observable properties of stars back to teaching back to the course start of previous section first page of this section previous page next page last page of this section start of next section help on navigating these pages symbols, constants and quantities

There are six fundamental properties of stars which can be readily determined by observation. These are:

  1. mass (Ms)
  2. luminosity (Ls)
    defined as the total energy radiated per second, i.e. the power, from a star. 
  3. radius (rs)
  4. effective temperature (Te)
    defined as the temperature of the black body of the same size as the star that would emit the same total power. The effective temperature is related to the luminosity and the radius of the star by

    Ls = 4rs2 Te4

    where is the Stefan-Boltzmann constant. 
  5. age 
  6. chemical composition (X, Y, Z) 
    where X, Y, Z are the fractional proportions, by mass, of hydrogen, helium and metals.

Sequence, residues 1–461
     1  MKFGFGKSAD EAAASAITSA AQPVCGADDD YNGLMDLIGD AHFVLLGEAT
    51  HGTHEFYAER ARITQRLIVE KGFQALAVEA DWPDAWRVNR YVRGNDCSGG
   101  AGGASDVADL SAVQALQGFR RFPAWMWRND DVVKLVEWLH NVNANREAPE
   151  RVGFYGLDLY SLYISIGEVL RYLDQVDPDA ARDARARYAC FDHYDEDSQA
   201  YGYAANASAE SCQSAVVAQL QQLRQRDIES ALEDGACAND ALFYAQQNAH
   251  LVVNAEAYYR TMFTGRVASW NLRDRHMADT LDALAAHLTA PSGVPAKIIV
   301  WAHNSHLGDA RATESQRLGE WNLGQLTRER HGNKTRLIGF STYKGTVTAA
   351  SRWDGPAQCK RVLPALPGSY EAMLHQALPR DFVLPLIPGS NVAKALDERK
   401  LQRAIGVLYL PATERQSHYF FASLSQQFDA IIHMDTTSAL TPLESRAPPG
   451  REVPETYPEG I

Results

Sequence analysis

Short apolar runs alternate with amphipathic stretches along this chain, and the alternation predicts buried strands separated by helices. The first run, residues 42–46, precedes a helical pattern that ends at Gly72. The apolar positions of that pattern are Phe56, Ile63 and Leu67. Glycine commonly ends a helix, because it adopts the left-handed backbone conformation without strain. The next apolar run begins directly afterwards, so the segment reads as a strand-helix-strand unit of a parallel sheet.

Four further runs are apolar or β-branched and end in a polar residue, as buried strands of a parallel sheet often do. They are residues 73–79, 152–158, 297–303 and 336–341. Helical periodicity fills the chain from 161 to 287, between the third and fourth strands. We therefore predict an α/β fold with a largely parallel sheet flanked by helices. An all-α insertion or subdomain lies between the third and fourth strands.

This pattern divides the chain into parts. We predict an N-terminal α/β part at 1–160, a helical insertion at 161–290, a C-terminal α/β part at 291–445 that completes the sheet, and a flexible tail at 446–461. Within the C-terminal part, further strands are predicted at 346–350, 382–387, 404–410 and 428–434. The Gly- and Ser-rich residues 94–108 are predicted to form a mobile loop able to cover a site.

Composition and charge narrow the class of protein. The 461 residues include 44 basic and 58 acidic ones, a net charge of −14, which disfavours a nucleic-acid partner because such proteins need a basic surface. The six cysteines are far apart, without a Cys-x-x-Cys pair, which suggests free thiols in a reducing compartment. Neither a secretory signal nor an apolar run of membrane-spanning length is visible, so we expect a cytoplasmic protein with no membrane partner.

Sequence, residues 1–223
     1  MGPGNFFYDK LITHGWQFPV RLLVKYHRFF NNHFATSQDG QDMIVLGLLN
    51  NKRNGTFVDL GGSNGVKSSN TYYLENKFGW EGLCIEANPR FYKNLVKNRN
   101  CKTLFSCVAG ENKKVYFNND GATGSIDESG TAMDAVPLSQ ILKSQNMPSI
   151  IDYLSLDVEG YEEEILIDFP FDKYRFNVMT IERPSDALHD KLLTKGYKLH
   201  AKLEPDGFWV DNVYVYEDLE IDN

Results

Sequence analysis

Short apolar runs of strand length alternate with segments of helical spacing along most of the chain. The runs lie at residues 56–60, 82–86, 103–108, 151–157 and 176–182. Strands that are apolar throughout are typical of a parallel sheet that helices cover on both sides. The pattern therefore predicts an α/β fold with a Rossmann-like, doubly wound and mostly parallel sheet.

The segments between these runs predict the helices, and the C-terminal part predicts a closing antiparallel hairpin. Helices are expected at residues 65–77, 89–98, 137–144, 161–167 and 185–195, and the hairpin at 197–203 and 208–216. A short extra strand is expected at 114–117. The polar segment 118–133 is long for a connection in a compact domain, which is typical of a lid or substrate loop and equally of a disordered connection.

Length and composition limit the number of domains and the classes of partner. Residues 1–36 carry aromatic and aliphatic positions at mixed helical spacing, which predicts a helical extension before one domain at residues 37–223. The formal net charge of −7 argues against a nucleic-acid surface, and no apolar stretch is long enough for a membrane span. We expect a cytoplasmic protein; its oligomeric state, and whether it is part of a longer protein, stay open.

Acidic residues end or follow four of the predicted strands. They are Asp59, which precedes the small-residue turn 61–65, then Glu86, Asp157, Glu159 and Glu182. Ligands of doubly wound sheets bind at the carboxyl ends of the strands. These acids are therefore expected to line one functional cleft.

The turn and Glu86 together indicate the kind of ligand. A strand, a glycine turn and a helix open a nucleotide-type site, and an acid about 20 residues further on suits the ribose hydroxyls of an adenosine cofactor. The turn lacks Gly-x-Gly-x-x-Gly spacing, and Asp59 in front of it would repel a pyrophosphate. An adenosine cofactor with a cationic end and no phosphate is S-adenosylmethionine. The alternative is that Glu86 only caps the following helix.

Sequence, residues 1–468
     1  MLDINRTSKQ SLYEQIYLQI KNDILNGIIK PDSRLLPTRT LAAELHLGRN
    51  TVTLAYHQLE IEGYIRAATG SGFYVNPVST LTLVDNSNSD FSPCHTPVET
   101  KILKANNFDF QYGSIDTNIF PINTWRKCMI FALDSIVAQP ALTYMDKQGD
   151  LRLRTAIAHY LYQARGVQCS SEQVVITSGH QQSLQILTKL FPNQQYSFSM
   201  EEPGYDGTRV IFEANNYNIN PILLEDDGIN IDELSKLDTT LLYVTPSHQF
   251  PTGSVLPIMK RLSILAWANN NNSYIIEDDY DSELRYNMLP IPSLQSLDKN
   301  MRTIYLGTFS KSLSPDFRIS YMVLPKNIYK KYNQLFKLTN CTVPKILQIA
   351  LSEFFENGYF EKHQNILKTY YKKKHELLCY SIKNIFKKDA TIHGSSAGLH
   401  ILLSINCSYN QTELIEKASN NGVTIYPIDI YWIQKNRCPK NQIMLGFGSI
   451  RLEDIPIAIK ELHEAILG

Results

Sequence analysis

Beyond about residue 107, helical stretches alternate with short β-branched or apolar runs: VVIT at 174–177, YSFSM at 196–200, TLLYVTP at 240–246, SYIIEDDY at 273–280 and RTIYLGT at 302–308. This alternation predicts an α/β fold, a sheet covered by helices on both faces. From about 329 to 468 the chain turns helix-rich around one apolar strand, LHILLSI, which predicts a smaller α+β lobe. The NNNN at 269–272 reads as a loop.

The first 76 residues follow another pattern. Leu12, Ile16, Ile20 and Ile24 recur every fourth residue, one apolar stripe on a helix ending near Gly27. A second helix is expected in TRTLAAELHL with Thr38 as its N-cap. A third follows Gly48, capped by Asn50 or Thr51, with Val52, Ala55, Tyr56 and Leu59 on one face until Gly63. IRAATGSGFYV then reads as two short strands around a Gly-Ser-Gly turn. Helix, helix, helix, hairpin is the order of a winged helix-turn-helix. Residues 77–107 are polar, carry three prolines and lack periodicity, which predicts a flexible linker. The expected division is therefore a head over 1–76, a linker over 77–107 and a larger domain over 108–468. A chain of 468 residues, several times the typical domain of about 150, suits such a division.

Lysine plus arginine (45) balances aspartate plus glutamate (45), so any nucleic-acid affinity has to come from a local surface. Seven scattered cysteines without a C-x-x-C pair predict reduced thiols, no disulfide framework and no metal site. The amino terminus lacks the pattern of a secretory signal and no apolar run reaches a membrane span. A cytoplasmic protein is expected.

Table 1 lists how each of these properties are determined and gives the range of their values in terms of the properties of the Sun (denoted by the subscript - click on symbols, constants and quantities for a list of solar values).

Table 1:  Six fundamental properties of stars, how they are determined from observation and the range in their values.


determined from

range of values

mass (Ms)  binary stars 
or g (spectrum) and Rs
10-1 M <  Ms < 50 M 
luminosity (Ls)  apparent magnitude and distance 
or spectrum (luminosity class)
10-4 L <  Ls < 106 L 
radius (rs)  Ls, Te [Ls = 4rs2 Te4]
or interferometry (angular diameter) and distance
or eclipsing binary stars
10-2 r <  rs < 103 r 
effective temperature (Te)  continuous spectrum 
or spectral type
2 × 103 K <  Te < 105 K
age  star clusters and theory  0 - 1010 y
chemical composition (X, Y, Z)  line spectrum  X=0.747 

Note that the very high luminosities of exploding supernovae and the very low luminosities of neutron stars have been omitted from the above limits, as have the properties of brown dwarfs. For detailed definitions of the above properties and the techniques of measurement, see chapter 2 of Tayler.

©Vik Dhillon, 27th September 2010